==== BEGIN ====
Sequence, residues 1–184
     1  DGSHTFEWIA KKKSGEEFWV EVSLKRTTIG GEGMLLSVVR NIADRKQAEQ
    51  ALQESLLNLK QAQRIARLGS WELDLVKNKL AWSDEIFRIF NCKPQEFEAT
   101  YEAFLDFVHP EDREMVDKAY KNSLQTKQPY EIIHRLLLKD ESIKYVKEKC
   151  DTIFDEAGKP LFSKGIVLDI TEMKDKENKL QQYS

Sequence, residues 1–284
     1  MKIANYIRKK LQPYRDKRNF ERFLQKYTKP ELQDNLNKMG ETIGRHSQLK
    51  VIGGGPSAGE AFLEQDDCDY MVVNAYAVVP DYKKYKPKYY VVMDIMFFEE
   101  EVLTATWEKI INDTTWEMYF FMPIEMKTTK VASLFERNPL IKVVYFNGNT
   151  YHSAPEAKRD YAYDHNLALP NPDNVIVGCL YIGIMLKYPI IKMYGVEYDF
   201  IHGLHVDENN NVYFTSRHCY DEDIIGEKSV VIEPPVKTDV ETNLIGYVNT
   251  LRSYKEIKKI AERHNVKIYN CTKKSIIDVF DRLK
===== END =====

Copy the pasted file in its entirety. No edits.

Sequence, residues 1–184
     1  DGSHTFEWIA KKKSGEEFWV EVSLKRTTIG GEGMLLSVVR NIADRKQAEQ
    51  ALQESLLNLK QAQRIARLGS WELDLVKNKL AWSDEIFRIF NCKPQEFEAT
   101  YEAFLDFVHP EDREMVDKAY KNSLQTKQPY EIIHRLLLKD ESIKYVKEKC
   151  DTIFDEAGKP LFSKGIVLDI TEMKDKENKL QQYS

Sequence, residues 1–284
     1  MKIANYIRKK LQPYRDKRNF ERFLQKYTKP ELQDNLNKMG ETIGRHSQLK
    51  VIGGGPSAGE AFLEQDDCDY MVVNAYAVVP DYKKYKPKYY VVMDIMFFEE
   101  EVLTATWEKI INDTTWEMYF FMPIEMKTTK VASLFERNPL IKVVYFNGNT
   151  YHSAPEAKRD YAYDHNLALP NPDNVIVGCL YIGIMLKYPI IKMYGVEYDF
   201  IHGLHVDENN NVYFTSRHCY DEDIIGEKSV VIEPPVKTDV ETNLIGYVNT
   251  LRSYKEIKKI AERHNVKIYN CTKKSIIDVF DRLK